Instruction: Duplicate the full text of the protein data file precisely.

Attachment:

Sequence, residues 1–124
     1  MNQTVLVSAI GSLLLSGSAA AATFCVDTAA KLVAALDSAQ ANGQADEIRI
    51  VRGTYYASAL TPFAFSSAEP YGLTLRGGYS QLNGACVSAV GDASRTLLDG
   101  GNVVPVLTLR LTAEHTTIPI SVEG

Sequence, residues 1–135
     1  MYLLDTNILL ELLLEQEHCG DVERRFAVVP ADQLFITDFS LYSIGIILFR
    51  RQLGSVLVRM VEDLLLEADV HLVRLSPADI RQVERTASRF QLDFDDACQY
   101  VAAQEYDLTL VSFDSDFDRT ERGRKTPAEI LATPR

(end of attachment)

Sequence, residues 1–124
     1  MNQTVLVSAI GSLLLSGSAA AATFCVDTAA KLVAALDSAQ ANGQADEIRI
    51  VRGTYYASAL TPFAFSSAEP YGLTLRGGYS QLNGACVSAV GDASRTLLDG
   101  GNVVPVLTLR LTAEHTTIPI SVEG

Sequence, residues 1–135
     1  MYLLDTNILL ELLLEQEHCG DVERRFAVVP ADQLFITDFS LYSIGIILFR
    51  RQLGSVLVRM VEDLLLEADV HLVRLSPADI RQVERTASRF QLDFDDACQY
   101  VAAQEYDLTL VSFDSDFDRT ERGRKTPAEI LATPR